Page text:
My Pulse Induction Detector "SETUP"

Created in 2003
Updated: August 22, 2013

Some Basics First

In the unit I built, I used IC sockets for all the 8 pin dip IC's. I would suggest you do also!

I had considered using 4000 series IC's in the timing circuits but decided against it. Too many In-experienced hobbiests have problems with C-Mos. C-Mos would result in a slightly lower total current, but most of the current draw is from the coil, not the IC's. I also find that 555's are Easier to Control for Frequency, Duty Cycle and Pulse Widths.

I supply good quality parts.

Carefully assembly the PCB and AVOID Touching the Copper traces with your Fingers. Touching the Copper causes OXIDATION and Results in Cold Solder Joints. Good Soldering is a "MUST DO".


I Recommend Soldering on the Jumper wires First. Than Resistors, Followed by IC Sockets. I recommend Diodes be Placed about 1/4 inch Above the PCB. Than add the Caps, Regulators, Fet, Transistor and Mosfets. Than, Recheck board for any shorts! Lastly, WASH the Boasrd to Remove the Solder flux and DRY IT.

1) Only insert IC2 into it's socket, leave out the rest of the 8 pin IC's for now. As A Precaution, lacking a current limited Power Supply, I suggest Connecting up your 12 volt Positive Lead of the battery in Series with a 100 Watt Light Bulb, to the board and connect the Negative lead to the Negative Pad. Additionally, Connect a voltmeter negative lead to the "0 Volt" outside trace on the PCB. This is the Effective Ground of the Circuit For all Voltage Measurements! Do Not use the Negative of the Battery!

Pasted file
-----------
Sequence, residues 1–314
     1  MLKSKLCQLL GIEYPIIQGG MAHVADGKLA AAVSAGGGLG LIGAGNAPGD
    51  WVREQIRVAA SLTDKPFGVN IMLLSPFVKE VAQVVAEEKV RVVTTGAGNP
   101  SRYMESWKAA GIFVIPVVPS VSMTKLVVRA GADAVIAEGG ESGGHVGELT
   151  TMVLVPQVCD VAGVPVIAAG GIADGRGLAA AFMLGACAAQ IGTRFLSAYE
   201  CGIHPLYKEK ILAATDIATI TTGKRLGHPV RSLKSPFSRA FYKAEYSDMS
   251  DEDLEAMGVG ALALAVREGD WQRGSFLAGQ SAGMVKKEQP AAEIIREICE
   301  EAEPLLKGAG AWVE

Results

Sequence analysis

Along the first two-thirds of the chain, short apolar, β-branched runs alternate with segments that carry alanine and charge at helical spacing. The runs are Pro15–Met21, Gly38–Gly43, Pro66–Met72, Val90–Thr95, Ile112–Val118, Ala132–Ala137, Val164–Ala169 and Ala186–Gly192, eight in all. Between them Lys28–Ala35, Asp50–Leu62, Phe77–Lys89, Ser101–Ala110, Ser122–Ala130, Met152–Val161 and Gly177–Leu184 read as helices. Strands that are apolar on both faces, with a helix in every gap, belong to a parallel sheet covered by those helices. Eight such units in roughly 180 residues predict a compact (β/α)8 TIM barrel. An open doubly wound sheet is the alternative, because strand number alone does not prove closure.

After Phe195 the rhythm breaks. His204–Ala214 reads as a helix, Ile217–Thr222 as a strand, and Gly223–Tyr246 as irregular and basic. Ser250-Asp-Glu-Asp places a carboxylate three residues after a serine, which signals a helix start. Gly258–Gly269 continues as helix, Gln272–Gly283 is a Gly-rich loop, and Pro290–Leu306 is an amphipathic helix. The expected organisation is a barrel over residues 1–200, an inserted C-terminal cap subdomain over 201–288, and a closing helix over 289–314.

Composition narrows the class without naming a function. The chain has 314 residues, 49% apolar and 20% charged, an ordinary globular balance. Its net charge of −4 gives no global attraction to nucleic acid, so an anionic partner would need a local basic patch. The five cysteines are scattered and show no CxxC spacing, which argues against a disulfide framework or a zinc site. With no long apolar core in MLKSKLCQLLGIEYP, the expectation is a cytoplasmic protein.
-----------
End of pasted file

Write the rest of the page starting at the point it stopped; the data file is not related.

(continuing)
2) Now touch the positive meter lead to the negative of the battery....and it should read aproximately -9.75 Volts!

3) Now touch the positive lead to the +5 volt and than to the -5 volt rails. Both should be correct polarity and within .1 volts of ideal.

If all is correct, disconnect battery and insert the rest of the IC's! And redo steps 1, 2 and 3! ALL Readings should be the same as before! If Not, you have a problem.

Mechanical: As to a case and handle case: The case to hold the circuit board, battery, meter, speaker, controls and switch can be metal or plastic! totally your choice. The Coil: must be mounted on a rigid, non-metalic plate and use a plastic handle and nylon bolts for assembly at the coil. 3/4 inch PVC pipe works good. Also, keep the cable running between the coil and the circuit board out of the magnetic field of the coil.

A Note about the METER:

The 260 Ua Analogue Meter can be replaced with a "3 1/2 digit LCD Panal Meter". This can Significantly Increase Sensitivity because on this 260uA analogue meter it is impossible to read REALLY SMALL variations.

Using a 3 1/2 digit LCD meter you can read in 0.1 ua steps.

Here is an Example of this type of meter.
NOTE: These LCD Meters require a Seperate Battery for operation on the Metal Detector. Usually a small 9 volt battery is best and a seperate On/Off switch is also needed.

Problems: When using Digital Meters, you will never get a stable "Zero" reading, Thus Off-Setting Small differences that can easily be seen on an Analogue Meter.

Another Problem is that these Digital meter read Both Positive and Negative Values, This can be VERY Confusing and give False readings.

So I DON'T really Recommend using these Digital Meters.

"A Better Alternative" would be a 25 or 50 uA Analogue Meter, But they are more expensive and difficult to find in a Small Size meter.

Final Mechanical Construction.